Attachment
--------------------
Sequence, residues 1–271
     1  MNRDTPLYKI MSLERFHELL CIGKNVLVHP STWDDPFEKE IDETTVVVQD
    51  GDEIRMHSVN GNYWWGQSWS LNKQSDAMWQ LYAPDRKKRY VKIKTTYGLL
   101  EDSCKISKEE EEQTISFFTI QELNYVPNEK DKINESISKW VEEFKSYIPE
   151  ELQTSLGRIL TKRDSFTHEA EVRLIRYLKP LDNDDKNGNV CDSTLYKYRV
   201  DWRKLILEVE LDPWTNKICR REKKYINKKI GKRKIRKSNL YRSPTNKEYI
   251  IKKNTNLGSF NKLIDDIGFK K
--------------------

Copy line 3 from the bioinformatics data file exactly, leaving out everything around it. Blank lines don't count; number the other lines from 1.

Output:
    51  GDEIRMHSVN GNYWWGQSWS LNKQSDAMWQ LYAPDRKKRY VKIKTTYGLL